| Swearing Actually Works, Using F-word When Hurt Actually Improves Pain Tolerance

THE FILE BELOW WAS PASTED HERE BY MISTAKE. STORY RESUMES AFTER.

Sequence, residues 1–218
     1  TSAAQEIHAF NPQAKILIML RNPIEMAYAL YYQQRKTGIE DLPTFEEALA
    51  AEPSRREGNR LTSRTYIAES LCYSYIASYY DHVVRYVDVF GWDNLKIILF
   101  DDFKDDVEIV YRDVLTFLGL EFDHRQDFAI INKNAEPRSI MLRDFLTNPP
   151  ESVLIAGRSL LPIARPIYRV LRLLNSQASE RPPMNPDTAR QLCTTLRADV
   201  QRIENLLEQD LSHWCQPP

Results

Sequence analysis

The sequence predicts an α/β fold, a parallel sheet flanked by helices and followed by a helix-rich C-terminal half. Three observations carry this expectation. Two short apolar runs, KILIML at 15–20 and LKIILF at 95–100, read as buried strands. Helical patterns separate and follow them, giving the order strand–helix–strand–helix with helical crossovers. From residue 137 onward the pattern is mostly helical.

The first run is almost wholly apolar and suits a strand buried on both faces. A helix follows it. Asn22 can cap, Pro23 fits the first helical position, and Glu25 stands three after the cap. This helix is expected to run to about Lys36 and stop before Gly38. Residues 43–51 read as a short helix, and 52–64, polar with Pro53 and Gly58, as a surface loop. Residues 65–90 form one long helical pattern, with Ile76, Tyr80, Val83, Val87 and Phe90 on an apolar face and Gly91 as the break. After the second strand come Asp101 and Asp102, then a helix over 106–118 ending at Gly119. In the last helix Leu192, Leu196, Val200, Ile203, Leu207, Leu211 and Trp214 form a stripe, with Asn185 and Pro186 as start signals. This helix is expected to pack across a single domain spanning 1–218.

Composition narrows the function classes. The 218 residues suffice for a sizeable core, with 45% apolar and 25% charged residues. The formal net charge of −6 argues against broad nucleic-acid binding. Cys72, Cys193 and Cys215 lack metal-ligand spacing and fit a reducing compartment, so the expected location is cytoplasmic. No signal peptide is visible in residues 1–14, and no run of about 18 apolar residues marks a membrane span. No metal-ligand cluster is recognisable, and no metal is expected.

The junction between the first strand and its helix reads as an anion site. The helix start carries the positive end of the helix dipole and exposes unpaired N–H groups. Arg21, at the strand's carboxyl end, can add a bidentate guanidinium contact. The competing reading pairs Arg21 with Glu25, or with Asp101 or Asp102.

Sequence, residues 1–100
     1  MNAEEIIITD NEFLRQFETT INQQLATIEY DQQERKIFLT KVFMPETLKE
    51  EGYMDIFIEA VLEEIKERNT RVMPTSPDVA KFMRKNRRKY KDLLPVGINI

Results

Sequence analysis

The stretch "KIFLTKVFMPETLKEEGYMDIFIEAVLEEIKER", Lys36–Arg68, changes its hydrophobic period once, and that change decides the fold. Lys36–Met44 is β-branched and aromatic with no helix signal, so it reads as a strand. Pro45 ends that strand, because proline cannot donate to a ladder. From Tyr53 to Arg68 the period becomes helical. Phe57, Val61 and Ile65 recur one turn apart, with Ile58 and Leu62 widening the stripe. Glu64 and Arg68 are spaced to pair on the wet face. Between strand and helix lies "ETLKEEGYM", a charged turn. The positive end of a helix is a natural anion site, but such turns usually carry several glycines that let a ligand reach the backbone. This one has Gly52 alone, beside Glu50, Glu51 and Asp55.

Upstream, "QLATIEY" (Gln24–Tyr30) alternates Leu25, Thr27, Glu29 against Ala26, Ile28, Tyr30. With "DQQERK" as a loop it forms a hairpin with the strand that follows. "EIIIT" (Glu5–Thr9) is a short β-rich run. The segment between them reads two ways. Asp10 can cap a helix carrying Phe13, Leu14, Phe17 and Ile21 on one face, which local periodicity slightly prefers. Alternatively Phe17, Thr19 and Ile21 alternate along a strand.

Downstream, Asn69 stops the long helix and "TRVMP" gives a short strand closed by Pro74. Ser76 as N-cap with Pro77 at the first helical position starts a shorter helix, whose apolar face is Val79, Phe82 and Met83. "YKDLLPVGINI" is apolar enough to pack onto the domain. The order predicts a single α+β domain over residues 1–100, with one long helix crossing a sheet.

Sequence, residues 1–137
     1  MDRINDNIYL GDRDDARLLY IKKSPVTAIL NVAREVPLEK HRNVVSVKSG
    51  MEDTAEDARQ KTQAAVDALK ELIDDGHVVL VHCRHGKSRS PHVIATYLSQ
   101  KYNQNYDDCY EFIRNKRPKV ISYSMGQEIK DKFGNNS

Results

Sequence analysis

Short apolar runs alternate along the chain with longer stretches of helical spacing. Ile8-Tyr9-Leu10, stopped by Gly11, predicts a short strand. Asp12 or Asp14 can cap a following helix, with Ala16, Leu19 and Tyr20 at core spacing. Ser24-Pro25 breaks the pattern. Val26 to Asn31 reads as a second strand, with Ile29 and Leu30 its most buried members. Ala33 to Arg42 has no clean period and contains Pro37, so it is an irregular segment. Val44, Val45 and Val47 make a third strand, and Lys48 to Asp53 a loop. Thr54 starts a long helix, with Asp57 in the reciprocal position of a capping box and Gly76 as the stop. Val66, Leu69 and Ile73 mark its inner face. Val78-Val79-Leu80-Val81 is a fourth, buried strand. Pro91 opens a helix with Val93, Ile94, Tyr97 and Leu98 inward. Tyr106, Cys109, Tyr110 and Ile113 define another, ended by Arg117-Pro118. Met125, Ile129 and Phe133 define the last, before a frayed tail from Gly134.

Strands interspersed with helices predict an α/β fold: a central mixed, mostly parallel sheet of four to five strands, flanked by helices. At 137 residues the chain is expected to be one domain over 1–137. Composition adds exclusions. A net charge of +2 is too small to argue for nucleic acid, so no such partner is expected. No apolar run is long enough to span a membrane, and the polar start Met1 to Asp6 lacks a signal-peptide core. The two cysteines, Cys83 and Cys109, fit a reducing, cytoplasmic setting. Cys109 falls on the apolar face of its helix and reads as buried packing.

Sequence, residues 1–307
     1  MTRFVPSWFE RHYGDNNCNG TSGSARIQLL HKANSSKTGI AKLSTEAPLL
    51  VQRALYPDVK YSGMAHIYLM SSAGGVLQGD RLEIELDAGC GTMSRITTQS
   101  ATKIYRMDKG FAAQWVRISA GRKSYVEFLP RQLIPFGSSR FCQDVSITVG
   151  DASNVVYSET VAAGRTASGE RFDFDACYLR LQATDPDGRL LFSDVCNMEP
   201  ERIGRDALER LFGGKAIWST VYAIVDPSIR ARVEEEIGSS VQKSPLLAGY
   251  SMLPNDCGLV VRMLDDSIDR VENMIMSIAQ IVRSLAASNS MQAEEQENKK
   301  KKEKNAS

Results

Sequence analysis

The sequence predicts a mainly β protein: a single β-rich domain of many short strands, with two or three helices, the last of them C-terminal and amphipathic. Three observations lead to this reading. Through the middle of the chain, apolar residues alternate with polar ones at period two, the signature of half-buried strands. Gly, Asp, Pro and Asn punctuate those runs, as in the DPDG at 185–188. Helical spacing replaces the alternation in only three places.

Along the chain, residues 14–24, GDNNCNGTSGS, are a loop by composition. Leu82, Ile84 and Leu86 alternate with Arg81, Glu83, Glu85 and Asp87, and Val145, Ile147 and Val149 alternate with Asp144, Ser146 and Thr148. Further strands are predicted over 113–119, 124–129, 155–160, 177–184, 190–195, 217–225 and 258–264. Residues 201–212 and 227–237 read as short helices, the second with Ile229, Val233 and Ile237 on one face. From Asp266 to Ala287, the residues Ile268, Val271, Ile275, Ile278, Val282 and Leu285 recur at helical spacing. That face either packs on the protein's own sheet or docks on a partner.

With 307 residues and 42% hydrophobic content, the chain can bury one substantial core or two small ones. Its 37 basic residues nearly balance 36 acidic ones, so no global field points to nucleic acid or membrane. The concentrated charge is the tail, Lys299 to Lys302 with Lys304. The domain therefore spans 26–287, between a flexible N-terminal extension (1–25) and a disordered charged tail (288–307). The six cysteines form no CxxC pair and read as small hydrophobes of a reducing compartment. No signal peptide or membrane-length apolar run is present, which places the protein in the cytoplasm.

It's official - swearing DOES help us tolerate pain, according to scientific research. A study found using the F-word when pain strikes, increases pain tolerance by up to a third. A panel of experts including Keele University's senior lecturer in psychology, Dr Richard Stephens; language expert and author, Dr Emma Byrne; and acclaimed lexicographer Jonathon Green, explored how effective real and new, made-up swear words are in helping to increase pain tolerance and threshold. The research was built on Dr Richard Stephen's original 2009 study which discovered that swearing can increase pain tolerance in the short term. Nurofen, as pain relief experts, funded Dr. Stephens to further investigate whether the power of swearing could be emulated by a new 'socially acceptable' swear word. The panel of experts developed two novel words for the experiment - 'twizpipe' and 'fouch' - to see if the public could use them in moments of pain instead of turning the air blue. The group, containing